So placid was last week’s annual meeting at Weyerhaeuser Co. that when it came time for shareholder questions, there weren’t any.
Weren’t any questions, that is.
The shareholders were there in sufficient number, but the audience participation segment was in stark contrast to some Weyerhaeuser annual meetings of years past of a more rambunctious nature. This year, the lack of questions, pronouncements and indoor street-theater performances prompted management to offer its own discussion of company matters beyond the formal scripted presentation, before one shareholder posed a query about exports.
Also striking was the absence on Weyerhaeuser’s proxy statement of any shareholder resolution (shareholders did vote on a management-proposed advisory item concerning executive pay).
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It’s not that there isn’t a lot to talk about with Weyerhaeuser, from the prognosis on the housing market (somewhat better but still struggling; said CEO Dan Fulton, “The purchase of a home requires confidence in the future, which has been in short supply.”) to the company’s divestitures and restructuring, to the log market in China.
Nor does the lack of issues on Weyerhaeuser’s proxy ballot mean there are no controversies to be found in corporate America this annual-meeting season. Big banks, especially those in the thick of the foreclosure mess, are likely to hear a few unkind words at their gatherings. But the comparative calm at Weyerhaeuser does provide some insight into the mood of investors in annual meeting season – and the future of the season itself.
Annual meeting season isn’t what it used to be just in sheer number of publicly traded companies. Between those that have been bought or went private (such as Puget Sound Energy) and those that are no longer with us (WaMu, among others), the ranks have been thinned, and the once-gushing pipeline of companies going public to replace them has been, until very recently, closed off to an intermittent drip.
Then there’s the economic misery companies and shareholders have been through. For some shareholders, the fact that the company is still around, still making money, still paying dividend (all true for Weyerhaeuser) puts them well ahead of many less-fortunate investors.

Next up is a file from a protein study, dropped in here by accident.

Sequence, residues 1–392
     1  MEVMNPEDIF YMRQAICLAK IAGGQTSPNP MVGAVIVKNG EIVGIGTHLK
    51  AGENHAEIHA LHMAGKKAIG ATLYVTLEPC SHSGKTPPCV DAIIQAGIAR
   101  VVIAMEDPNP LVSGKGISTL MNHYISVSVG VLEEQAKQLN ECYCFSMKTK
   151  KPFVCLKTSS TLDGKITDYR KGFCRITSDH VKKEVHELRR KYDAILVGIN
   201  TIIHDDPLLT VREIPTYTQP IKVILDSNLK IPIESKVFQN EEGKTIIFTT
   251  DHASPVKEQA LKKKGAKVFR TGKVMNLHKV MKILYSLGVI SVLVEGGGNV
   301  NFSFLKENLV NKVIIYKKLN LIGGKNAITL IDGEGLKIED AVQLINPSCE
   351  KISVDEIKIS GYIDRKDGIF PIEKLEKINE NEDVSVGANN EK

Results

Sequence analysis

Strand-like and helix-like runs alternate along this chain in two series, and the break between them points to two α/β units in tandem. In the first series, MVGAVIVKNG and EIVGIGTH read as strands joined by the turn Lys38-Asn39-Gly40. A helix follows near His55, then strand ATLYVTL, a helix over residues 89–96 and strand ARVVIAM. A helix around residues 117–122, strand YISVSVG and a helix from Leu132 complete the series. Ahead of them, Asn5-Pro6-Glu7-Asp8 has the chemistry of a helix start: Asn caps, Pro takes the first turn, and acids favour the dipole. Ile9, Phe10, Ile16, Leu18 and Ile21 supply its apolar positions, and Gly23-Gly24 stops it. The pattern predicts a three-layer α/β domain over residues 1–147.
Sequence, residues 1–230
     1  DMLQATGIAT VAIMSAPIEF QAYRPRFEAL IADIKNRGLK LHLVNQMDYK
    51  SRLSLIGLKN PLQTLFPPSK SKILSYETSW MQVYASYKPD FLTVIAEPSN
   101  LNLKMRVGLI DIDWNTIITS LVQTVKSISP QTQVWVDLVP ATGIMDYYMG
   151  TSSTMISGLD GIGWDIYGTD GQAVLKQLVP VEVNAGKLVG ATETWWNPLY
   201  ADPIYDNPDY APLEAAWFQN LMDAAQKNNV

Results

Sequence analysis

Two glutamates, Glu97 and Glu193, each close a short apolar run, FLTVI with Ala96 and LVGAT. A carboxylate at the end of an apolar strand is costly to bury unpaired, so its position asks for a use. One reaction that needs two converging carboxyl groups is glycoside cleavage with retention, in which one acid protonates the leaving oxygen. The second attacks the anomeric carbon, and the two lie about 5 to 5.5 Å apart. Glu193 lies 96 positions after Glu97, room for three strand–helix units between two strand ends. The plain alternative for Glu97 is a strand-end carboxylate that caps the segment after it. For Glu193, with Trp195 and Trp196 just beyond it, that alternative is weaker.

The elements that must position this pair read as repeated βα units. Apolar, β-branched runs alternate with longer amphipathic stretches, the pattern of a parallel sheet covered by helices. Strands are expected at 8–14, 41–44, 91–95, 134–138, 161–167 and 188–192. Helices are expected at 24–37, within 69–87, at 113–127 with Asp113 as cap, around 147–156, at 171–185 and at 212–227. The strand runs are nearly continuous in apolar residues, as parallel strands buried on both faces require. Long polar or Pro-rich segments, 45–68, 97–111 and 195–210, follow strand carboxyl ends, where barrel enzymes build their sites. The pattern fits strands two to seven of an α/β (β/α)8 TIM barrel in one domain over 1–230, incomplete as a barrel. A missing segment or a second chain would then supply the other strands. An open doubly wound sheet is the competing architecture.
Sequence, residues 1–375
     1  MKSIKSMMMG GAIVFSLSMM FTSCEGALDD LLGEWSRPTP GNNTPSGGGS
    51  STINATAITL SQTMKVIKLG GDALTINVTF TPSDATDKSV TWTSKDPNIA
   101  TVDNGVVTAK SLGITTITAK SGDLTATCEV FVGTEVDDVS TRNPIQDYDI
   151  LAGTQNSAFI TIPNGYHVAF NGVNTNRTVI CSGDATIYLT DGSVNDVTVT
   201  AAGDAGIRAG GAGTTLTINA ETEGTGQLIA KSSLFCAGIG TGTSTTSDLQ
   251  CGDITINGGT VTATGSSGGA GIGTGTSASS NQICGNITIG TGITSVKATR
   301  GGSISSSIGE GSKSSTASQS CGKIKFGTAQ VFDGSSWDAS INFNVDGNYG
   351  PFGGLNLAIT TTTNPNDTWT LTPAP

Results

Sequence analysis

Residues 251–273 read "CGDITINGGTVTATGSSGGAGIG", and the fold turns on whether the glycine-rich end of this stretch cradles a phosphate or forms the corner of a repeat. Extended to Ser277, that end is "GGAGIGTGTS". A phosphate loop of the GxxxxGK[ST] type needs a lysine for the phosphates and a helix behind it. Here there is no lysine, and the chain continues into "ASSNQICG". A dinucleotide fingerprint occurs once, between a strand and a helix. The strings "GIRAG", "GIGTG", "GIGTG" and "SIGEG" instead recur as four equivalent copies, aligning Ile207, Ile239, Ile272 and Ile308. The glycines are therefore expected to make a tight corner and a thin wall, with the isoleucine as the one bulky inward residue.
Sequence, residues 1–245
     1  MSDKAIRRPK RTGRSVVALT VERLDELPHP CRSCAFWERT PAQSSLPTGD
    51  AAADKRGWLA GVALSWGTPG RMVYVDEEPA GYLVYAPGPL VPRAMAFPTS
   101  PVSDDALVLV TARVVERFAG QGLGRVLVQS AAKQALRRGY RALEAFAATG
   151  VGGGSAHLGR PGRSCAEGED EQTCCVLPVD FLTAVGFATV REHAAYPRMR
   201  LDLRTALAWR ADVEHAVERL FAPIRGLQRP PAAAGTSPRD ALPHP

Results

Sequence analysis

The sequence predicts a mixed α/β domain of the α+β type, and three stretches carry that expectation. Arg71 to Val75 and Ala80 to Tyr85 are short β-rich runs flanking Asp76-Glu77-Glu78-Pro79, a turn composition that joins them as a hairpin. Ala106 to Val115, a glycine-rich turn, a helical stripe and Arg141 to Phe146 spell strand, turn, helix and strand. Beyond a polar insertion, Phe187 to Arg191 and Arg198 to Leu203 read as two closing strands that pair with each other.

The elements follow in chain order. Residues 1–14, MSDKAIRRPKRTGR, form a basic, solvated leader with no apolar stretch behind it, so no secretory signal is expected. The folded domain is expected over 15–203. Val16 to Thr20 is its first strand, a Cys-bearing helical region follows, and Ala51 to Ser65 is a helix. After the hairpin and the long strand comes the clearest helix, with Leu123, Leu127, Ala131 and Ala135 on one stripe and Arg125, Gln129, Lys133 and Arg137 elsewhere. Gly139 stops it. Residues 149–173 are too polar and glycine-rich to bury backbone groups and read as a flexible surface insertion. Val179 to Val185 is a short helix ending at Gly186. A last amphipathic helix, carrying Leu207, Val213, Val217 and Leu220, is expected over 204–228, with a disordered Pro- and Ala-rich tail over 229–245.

As for shareholder resolutions as an indicator of investor restiveness, some of the steam has gone out of that movement. True, Institutional Shareholder Services Inc. says the number of shareholder-submitted resolutions on environmental, social and political issues is about the same as last year (within the overall total, the number of measures involving political contributions is increasing while the number on climate change is dropping).
But ardor for such measures has cooled a bit. Starbucks had just one on its proxy earlier this year; Amazon, whose meeting is in May, has just two. One reason is that companies themselves have adopted many of the corporate-governance measures (dropping poison pills, annual election of all directors, etc.), which tended to perform far better in shareholder votes than the various cause-related issues.
The longer-term trend is the changing nature of the relationship between company and shareholder, one that has been evolving since the rise of mutual funds, which act as an intermediary between companies and investors. For those who do buy individual stocks, the shareholder base is likely to be geographically dispersed and transactions are handled electronically. Fewer get any physical evidence of their investment. When was the last time you saw an actual, active stock certificate? Companies and brokerages are pushing quarterly and annual reports in digital form.
The annual meeting is one of the remaining vestiges of the old way of operating and it too may fade. The questions and concerns that shareholders have about how their investment is being managed are eternal, but the forums in which those are voiced may not be.
Bill Virgin is editor and publisher of Washington Manufacturing Alert and Pacific Northwest Rail News. He can be reached at firstname.lastname@example.org.